So now I find myself asking…why do we not do more as retailers, publishers, pastors or trade associations to promote reading? After all, reading requires time, effort and commitment. Visual media like television and the internet, if not regulated, can be huge distractions that take away from valuable reading time. I know this from my own experience. And when I think about it I can honestly say that never has a television show delivered a transformational benefit, though some movies have come very close. Yet like most of you, books have made a huge difference in my life.
So it seems in my estimation that we ought to be evangelists for the discipline and pastime of reading. It has been said, “You can lead a horse to water but you can’t make him drink.” But I prefer the expanded version which includes the phrase “but you can make him thirsty.” So how can we…create a thirst for what we have to offer? It is one thing to market books to people who are already readers, but what about “evangelizing” those who aren’t?
Several years ago I had a wonderful time speaking with Bill Grieg of Gospel Light Publishing about this (he is the one who really got me thinking about this). Bill made me aware of a campaign called “Get Caught Reading” that was sponsored by the American Association of Publishers that still exists today. It is like the “Got Milk?” campaign that was launched by the dairy association. Promotional posters of celebrities who have been “caught reading” are available for download by retailers. There are celebrities like Shawn Johnson, George Foreman, Laura Bush, Abraham Lincoln and even Bob and Larry…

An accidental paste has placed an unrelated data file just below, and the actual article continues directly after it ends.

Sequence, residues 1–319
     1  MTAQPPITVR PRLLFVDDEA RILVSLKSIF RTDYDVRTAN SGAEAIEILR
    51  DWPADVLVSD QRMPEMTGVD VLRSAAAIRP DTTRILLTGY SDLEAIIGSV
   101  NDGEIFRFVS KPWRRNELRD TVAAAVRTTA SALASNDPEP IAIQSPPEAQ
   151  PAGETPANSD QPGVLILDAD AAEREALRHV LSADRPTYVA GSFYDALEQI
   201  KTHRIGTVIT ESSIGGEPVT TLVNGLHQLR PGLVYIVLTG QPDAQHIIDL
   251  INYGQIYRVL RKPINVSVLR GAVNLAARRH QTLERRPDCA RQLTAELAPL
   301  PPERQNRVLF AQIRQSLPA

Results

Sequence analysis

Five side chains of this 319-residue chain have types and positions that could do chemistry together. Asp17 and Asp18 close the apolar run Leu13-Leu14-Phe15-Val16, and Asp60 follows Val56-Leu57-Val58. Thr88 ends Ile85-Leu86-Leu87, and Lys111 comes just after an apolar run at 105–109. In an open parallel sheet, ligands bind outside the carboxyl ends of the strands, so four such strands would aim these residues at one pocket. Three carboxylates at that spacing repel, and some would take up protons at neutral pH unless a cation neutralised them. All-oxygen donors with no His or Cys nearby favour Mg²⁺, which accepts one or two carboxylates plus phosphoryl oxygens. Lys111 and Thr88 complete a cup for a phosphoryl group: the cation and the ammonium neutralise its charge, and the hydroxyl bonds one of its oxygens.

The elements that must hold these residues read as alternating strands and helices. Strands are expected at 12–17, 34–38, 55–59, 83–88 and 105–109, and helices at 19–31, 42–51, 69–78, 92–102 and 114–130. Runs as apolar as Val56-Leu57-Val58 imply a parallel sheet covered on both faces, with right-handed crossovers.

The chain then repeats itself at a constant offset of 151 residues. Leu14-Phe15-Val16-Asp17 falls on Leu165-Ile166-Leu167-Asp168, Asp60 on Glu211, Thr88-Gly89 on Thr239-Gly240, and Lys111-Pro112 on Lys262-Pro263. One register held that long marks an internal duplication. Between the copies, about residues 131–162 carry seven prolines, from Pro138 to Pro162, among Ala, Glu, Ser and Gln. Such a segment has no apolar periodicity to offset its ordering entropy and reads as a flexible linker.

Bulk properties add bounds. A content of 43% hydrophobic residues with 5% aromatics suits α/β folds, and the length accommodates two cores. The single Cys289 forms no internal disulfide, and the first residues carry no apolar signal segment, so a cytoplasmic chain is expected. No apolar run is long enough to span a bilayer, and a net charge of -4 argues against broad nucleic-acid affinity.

There is a lot an individual retailer can and should do in their local community to be sure. Yet, this in itself will not be enough. Somehow we as an industry and the church need to work collaboratively on a national campaign that makes people aware of the benefits of reading and encourages Christians to become readers.
Somehow we need to involve the church as well. Generally, pastors are readers and want a congregation that is active in transforming their minds towards godliness. Yet, how often do these influencers exhort their people to read? How can we as an industry harness the tremendous power of social media and create a community involving authors, pastors, editors, publishers, stores and churchgoers that is excited about and engaged with others about reading?
…While I don’t have the answers, I know the answers are out there among us. Authors probably already do this better than anyone. Years ago CBA (the Association for Christian Retail) had a “What goes into the mind comes out in a life” slogan. Yet I am not sure that it was direct enough and it was short-lived. I would love to see our industry (and the church) as a whole take this on as a challenge.
Thanks George, and thanks to countless other Christian bookstore managers, for all you have done for the selling and reading of gospel-centered books!
P. S. For those in church leadership interested in more perspectives, Mike Leake shares “7 Ways to Create a Reading Culture in Your Church.”